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You Need a Bros’ Night Out to Keep Your Bros

Men need old-school facetime to preserve their friendships

Grab your nearest bro and hit the basketball court, paint a barn or whittle some wood: It’s the only way to save your friendships with other men, according to new research that has found that men maintain friendships through activities, not via the sharing of feelings and experiences—or, perhaps most importantly, words on the phone.

A new study from Oxford University psychology professor Robin Dunbar found that while women can maintain friendships even across distances by simply talking on the phone, men have to meet up in person to keep the friendship dream alive, The Guardian reported. His research asked 30 students in high school to list all their dearest friends and rank how close they were. Then, he followed up with them nine and 18 months after graduation to see how close they remained.

Women in the study were able to keep friendships alive by simply talking on the phone, even if they were far apart. For men, facetime was key. “What held up their friendships was doing stuff together,” Dunbar told The Guardian. “Going to a football match, going to the pub for a drink, playing five-a-side. They had to make the effort. It was a very striking sex difference.”

And when the friendships didn’t work out, the consequences differed by gender, do. The women in the study had “much more intense close friendships” that could end “catastrophically,” while men’s friendships were much more casual, and it was no big deal if they drifted apart. “[Men] tend to have a group of four guys that they do stuff with,” Dunbar told journalists last Saturday at the annual meeting of the American Association for the Advancement of Science. “With guys it is out of sight, out of mind. They just find four more guys to go drinking with.”

While this is a very small sample size — and a fairly reductive take on male friendship — it’s not the first study to find something similar. “Men’s friendships are more often based on mutual activities like sports and work rather than what’s happening to them psychologically,” psychiatrist Jacqueline Olds told The New York Times last year about her research on male friendships. “Women are taught to draw one another out; men are not.”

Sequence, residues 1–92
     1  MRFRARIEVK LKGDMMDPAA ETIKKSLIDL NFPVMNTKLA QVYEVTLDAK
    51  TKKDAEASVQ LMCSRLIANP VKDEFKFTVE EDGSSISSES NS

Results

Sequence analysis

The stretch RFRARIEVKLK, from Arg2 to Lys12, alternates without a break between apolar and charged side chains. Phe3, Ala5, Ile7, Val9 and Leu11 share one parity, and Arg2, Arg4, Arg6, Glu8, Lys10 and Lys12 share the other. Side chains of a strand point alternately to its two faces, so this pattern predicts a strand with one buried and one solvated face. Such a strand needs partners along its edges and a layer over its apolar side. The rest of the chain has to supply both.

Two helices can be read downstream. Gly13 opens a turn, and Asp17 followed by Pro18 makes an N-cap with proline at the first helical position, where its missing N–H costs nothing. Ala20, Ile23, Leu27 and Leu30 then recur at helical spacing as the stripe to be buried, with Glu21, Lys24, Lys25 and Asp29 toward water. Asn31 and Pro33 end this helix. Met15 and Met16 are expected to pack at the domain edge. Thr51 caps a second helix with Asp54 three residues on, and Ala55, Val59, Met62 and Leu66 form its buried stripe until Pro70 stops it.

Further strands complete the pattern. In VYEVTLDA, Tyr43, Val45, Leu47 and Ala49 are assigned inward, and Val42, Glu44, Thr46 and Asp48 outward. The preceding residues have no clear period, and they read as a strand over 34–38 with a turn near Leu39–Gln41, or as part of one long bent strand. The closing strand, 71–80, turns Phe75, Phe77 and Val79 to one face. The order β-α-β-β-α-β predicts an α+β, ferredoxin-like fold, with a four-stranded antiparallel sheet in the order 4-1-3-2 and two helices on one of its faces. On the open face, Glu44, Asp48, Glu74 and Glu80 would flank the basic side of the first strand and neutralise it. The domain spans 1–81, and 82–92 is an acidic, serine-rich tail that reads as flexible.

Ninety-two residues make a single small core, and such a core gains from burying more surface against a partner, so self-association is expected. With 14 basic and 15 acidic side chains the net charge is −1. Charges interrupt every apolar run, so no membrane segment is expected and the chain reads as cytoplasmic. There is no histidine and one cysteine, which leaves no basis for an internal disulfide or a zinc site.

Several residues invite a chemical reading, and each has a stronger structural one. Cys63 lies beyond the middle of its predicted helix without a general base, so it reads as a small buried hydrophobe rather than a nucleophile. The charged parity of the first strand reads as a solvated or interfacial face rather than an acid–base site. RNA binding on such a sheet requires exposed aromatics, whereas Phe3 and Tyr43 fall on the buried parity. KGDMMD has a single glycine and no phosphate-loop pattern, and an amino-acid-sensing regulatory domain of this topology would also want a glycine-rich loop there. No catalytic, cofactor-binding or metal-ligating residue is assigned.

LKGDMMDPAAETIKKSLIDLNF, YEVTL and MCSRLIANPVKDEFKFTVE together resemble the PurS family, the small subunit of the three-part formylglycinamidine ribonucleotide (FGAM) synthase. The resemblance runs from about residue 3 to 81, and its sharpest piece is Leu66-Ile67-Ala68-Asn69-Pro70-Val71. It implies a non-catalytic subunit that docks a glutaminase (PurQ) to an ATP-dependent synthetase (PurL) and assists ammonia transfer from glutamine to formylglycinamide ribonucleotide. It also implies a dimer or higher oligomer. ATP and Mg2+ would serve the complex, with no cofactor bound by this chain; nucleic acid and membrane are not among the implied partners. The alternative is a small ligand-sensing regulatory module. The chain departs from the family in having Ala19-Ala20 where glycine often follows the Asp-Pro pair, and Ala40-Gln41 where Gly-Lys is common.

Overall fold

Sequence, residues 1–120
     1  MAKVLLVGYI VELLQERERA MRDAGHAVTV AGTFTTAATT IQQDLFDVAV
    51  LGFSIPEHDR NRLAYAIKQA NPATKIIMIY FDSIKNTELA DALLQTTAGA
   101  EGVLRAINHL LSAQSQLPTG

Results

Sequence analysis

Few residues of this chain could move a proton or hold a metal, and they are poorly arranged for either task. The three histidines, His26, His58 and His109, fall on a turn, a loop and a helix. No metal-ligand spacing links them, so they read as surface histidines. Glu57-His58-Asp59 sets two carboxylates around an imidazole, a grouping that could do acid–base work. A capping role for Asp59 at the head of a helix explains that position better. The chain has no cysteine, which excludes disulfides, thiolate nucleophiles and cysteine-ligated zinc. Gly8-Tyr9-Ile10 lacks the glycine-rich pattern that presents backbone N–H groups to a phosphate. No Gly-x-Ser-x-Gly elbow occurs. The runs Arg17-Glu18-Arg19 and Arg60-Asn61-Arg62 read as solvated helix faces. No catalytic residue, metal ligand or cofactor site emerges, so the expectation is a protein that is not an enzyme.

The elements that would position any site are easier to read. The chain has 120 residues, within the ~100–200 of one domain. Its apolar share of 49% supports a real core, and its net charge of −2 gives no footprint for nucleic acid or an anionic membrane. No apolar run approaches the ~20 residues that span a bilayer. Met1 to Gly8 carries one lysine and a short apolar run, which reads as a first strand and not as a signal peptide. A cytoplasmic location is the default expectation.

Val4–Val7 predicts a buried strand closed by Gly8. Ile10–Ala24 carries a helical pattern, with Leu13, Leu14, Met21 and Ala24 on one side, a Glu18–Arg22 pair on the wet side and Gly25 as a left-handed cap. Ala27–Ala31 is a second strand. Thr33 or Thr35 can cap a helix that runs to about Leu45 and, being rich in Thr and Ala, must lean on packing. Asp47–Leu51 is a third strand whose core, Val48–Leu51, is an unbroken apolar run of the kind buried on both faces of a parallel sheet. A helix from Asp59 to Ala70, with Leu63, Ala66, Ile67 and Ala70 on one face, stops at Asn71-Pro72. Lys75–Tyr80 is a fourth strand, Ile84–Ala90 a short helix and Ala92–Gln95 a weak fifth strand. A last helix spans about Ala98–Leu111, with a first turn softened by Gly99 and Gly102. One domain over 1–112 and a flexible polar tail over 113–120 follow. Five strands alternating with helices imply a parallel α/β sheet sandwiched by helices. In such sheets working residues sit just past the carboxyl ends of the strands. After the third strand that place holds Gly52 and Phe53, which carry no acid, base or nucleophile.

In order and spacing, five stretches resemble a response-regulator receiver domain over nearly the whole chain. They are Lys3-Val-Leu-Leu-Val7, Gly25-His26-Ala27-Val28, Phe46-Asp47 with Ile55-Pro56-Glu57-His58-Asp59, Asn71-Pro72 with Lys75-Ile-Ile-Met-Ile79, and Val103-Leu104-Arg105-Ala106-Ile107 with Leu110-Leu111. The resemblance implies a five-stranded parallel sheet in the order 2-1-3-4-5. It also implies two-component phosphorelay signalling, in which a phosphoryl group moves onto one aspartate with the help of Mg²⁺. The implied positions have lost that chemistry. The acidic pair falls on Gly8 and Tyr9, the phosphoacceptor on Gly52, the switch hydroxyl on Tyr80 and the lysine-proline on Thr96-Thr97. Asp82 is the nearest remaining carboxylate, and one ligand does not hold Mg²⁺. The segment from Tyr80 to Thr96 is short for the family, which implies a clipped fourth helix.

This is perhaps why men have an easier time being close with their wives or girlfriends or other women; women will do the work of staying intimate. Anecdotally, MEL has talked to men who admit to having their closest emotional connections with women, and say they struggle to keep friendships going after work and family life take over because. In essence, they’ve put all their emotional eggs into a lady basket. “Male friendships tend to be more superficial; it’s about what you share in common at the time,” Brian, a 30-year-old from Sacramento, told us.

Not helping any of this are our cultural perceptions of bromance, which is occasional portrayed as something “real” men aren’t afraid to embrace, but more often as kinda gay. We also tend to mock men for seeking out friendships with other men, or having too many new friends, or even finding a new male friend.

Add to all this the fact that men hate talking on the phone and it’s easy to see why casual male friendships that can easily fall by the wayside. Too often, they only hinge on the fact that one time you both happened to need to change out your brake pads together. But consider the alternative: If you bothered to call a guy, or tell him anything too personal, someone might think you actually were into that dude.

If all this seems bleakly functional rather than actually fulfilling, consider that other research suggests that while male friendships don’t look like female friendships, it does not follow that they must be less rewarding.

“It is true that men do not easily show intimacies and revelations of strong emotional responses,” says New York psychiatrist Roger Gould told The Atlantic in a piece about the value of male friendships. “It does not mean the relationships are not filled with trust, deep regard and respect, fun, and sometimes crisis support. Men relate to other men quite well, just not the same as women relate to other women.”